Tag Archives: Haley Lu Richardson




I can see why M. Night Shyamalan‘s tepid suspense / horror thriller “Split” is a runway hit with average audiences. It’s entertaining, well acted and suspenseful enough, but there’s not much to it aside from the gimmick. As with most of Shyamalan’s movies, this one is a chaotic mess — but it’s less disastrous than some of his previous works that are better left forgotten (“After Earth,” “The Village”).

James McAvoy obviously has a lot of fun showing his range by playing the lead character Kevin, a mentally ill man with a dissociative identity disorder (re: multiple personalities). When his trusted psychiatrist Dr. Fletcher (Betty Buckley) learns that Kevin can physically change the state of his body with each split personality, things start to get a little concerning when her patient starts to talk about “The Beast” being unleashed. Kevin abducts three teenage girls so the mythical beast can feed, and the film presents a nice blend of suspense and horror as we watch them attempt to mentally outsmart their captor and escape.

McAvoy is quite talented and chews the scenery with delight, but indie “it girl” Anya Taylor-Joy does little but showcase tears welling in her eyes complimented by her signature pout. The other young women (Haley Lu Richardson and Jessica Sula) basically sit around in various states of undress, breathing heavily. There’s a surprisingly dark subplot involving one of the girls that’s well done but no less disturbing, but of course it’s the showy lead who steals the spotlight.

The story is creative and good enough, but it’s not great because it’s so contrived. Clever isn’t quite the right word for this, but I will say the film is more clever than man-eating plants that inspire suicide (“The Happening”) or a mermaid who lives in a motel pool (“Lady in the Water”). There’s no real twist ending yet the story is crammed with dead-end plot twists. It’s an unpleasant story and movie and it’s not really scary nor really a feel good movie experience, so calling it enjoyable is also not exactly accurate.

The movie’s potential is mostly wasted, but it’s fun to watch McAvoy go full-on camp as a dude suffering from two dozen personalities.

“The Edge of Seventeen”



The marketing campaign for “The Edge of Seventeen” will undoubtedly cause a bit of damage to the film’s box office and audience scores, marking a true disservice to this insightful, character-driven dramedy. If you’re expecting your average laugh a minute, R-rated teen sex comedy, think again. This is an astute (and candid) exploration about a suffering kid just trying to make it in her angst-ridden teen world.

The film took me back to the late 80s John Hughes era because it truly gives an accurate portrayal of all that sucks about being a seventeen year old girl. It’s rare that modern coming of age films are packed with such well written wisdom and authenticity. It’s also refreshing to see that the more things change the more they stay the same, with a younger generation dealing with the same problems all of us once suffered through (and survived).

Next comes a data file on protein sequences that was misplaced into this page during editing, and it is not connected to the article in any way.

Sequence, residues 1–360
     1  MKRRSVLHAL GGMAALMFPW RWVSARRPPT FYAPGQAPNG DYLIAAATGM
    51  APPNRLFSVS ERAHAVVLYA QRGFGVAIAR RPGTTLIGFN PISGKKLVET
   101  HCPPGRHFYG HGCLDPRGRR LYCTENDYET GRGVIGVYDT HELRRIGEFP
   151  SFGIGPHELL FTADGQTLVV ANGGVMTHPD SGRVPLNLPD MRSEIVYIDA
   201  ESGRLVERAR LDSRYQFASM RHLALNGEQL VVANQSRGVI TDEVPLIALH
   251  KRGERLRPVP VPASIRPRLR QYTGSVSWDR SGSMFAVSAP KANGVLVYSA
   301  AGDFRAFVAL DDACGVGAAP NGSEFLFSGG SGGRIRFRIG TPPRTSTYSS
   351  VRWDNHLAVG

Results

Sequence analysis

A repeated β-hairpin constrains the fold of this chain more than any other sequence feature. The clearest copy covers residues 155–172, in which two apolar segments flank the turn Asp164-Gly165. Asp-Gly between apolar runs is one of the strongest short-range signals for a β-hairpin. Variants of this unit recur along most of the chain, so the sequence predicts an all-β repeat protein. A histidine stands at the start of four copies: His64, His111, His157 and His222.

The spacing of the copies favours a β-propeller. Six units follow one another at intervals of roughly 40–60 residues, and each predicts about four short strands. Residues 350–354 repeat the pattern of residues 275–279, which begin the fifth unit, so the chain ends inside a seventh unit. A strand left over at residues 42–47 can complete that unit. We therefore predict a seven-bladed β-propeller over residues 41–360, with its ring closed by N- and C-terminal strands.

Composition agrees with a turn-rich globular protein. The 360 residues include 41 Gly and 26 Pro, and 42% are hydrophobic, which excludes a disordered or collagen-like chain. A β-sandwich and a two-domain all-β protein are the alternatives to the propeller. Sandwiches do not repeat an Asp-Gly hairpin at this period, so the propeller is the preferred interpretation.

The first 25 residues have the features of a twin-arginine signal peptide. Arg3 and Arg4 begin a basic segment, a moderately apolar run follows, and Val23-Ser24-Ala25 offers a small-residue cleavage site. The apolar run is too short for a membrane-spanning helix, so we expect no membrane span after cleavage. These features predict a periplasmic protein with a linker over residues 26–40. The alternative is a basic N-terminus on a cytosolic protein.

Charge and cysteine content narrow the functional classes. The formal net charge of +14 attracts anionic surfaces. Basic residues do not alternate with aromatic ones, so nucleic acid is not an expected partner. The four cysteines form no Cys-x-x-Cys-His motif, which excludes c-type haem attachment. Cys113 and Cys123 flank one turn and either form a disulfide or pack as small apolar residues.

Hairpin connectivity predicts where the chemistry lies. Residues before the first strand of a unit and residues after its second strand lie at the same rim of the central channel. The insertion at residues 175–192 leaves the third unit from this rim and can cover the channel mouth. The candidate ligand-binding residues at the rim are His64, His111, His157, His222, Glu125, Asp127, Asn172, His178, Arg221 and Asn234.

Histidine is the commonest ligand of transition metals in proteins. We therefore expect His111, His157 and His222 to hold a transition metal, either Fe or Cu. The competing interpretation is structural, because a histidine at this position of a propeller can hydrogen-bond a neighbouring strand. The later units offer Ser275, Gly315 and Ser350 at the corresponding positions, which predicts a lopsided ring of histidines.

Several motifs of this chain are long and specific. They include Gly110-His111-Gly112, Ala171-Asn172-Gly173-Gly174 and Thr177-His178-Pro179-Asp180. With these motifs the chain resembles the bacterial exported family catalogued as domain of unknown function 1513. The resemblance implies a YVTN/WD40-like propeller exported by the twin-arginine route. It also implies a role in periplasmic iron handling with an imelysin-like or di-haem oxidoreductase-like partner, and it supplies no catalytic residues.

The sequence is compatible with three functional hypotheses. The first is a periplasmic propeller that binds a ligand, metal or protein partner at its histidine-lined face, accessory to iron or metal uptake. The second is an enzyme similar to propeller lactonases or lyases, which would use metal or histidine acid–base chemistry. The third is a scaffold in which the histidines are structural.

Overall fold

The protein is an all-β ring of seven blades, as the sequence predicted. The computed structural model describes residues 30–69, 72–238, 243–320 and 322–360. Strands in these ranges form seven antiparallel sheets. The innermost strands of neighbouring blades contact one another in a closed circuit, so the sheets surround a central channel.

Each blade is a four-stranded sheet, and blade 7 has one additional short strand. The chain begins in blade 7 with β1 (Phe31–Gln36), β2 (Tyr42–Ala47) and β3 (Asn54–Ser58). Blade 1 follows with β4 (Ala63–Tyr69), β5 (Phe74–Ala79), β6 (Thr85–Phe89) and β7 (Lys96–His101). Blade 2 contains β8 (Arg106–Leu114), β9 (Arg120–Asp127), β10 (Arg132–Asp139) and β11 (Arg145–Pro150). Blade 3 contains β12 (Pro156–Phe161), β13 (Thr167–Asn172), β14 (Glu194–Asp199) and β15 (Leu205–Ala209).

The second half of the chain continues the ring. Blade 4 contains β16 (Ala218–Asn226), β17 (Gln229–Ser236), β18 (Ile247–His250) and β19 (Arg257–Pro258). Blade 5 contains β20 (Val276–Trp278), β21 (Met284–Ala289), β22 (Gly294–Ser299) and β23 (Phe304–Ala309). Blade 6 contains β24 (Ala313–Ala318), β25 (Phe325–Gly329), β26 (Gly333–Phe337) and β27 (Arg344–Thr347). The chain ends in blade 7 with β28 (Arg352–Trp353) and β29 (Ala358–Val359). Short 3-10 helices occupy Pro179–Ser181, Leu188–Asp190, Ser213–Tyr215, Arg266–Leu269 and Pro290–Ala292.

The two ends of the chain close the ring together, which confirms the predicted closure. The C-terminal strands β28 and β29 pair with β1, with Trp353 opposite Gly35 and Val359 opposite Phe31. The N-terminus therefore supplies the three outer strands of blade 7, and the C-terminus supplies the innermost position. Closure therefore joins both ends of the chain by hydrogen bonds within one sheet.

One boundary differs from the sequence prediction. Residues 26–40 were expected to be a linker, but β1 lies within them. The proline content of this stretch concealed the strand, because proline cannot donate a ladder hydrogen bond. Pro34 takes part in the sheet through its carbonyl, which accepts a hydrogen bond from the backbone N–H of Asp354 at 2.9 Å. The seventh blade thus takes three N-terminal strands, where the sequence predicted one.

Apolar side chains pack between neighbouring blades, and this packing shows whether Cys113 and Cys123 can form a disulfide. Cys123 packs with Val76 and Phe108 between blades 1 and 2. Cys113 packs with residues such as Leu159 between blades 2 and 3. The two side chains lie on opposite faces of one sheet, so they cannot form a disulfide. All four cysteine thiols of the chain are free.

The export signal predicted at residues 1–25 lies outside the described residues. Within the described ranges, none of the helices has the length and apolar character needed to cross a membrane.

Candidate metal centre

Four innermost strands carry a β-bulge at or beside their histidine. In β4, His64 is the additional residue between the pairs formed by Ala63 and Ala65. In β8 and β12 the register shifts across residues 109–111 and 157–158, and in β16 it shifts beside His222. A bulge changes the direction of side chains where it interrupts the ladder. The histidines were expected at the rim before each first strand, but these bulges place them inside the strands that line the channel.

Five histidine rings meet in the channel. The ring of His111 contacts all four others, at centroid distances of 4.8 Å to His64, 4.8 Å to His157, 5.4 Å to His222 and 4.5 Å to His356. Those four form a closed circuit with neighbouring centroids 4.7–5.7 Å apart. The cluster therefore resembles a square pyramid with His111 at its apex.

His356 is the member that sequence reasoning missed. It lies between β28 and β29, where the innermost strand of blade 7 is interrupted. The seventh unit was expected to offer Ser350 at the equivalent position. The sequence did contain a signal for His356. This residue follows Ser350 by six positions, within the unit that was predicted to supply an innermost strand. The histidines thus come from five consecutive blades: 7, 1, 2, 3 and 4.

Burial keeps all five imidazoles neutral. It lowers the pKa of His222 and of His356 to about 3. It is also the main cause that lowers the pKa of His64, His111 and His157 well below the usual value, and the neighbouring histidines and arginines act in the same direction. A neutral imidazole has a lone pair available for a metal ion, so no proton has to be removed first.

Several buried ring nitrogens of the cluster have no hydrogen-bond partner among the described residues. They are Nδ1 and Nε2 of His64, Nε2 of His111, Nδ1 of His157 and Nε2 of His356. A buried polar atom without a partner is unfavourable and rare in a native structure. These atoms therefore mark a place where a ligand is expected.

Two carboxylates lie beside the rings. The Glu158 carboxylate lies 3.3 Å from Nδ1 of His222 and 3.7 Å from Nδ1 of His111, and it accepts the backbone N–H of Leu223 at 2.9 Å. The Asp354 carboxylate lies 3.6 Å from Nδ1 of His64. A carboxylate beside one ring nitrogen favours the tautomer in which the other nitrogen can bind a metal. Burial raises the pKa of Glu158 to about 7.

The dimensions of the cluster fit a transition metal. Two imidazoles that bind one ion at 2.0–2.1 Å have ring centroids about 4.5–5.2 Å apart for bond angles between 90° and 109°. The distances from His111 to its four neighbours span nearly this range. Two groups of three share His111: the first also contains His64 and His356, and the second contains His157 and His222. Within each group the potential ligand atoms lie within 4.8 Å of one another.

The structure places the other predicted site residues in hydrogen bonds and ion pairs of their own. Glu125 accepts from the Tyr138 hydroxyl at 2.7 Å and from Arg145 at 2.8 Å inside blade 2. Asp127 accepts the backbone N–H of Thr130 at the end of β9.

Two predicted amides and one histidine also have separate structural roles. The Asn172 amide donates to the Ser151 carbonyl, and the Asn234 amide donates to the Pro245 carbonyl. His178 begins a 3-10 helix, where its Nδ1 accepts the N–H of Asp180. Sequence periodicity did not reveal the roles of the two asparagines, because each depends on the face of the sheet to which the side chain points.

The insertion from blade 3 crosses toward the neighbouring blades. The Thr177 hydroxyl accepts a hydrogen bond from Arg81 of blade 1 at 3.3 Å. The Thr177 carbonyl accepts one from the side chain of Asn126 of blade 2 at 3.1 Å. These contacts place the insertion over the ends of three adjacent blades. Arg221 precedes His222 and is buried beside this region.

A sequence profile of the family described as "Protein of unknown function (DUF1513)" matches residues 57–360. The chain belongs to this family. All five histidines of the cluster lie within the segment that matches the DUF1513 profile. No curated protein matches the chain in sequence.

Nadine (Hailee Steinfeld) is a neurotic, awkward high school junior who decides her life has fallen apart when her popular jock brother Darian (Blake Jenner) begins dating her longtime best friend Krista (Haley Lu Richardson). To a 17 year old, this feels like the end of the world. Nadine suddenly feels as if she can’t rely on anyone and begins to act out with those closest to her, including her needy widowed mother (Kyra Sedgwick). She begins to form a friendship with the thoughtful and charming boy next door Erwin (Hayden Szeto) and her sarcastic yet wise history teacher (a beautifully understated Woody Harrelson).

The secondary characters all play nicely off the lead character, and Steinfeld gives an effective performance as Nadine. She manages to make a total melodramatic jerk likeable and sympathetic, which is no easy feat. Being a teenager sucks, and she conveys that with an impressive, perceptive sophistication.

The typical teen film clichés are all present, from the popular kid’s party debacle to an embarrassing missent sext to the realization that the nerd boy is (surprise!) a real sweetheart while the hot crush guy (double surprise!) isn’t so nice after all. In fact, there aren’t many plot surprises here, period. The real surprise lies with the film’s honest, frank dialogue and situations.

The film is slow to start and hits several speed bumps along the way (including some attempts at humor that flat-out bomb and a few too many overplayed, tearful spectacles), but overall it’s authentic, wise and reads as a completely real and genuine look at why growing up is so hard.

“The Bronze”



Humor is very subjective, and “The Bronze” is the perfect example of an incredibly divisive comedy that will push even the most tolerant viewers to their limit. Will you like this movie or will you bail after 10 minutes? That’s hard to say. If you are a fan of classic subversive comedies like “Bad Santa,” “Borat,” and “A Dirty Shame,” then this should be right up your alley. If you are easily offended, stop reading this review now.

From this point forward I will assume that I only have similar-minded readers, so I am confident to recommend this movie. Yes, it’s a comedy about gymnastics — but it’s so much more. Be forewarned that this movie is loaded with strong sexual content, graphic nudity, drug use and a steady stream of sarcastic foul language throughout. It is very, very vulgar, but it’s not the gross-out, disgusting style of vulgarity as showcased in this year’s “Brothers Grimsby.” The film’s R rating is nearly earned through profanity alone, but it’s the outrageous, absolutely outlandish graphic sex scene that puts it over the top. Seriously, you have to see it to believe it: it’s without question one of the funniest and most exotically choreographed sex scenes in movie history (and let’s just leave it at that).